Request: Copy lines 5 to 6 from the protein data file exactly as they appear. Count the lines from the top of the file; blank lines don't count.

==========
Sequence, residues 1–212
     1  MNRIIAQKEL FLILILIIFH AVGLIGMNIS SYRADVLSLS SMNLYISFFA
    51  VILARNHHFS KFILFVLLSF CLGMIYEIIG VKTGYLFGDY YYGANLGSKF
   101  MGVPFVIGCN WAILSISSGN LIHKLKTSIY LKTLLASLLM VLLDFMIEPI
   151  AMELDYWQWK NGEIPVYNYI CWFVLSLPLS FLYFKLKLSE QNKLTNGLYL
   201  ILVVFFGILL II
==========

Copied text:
   151  AMELDYWQWK NGEIPVYNYI CWFVLSLPLS FLYFKLKLSE QNKLTNGLYL
   201  ILVVFFGILL II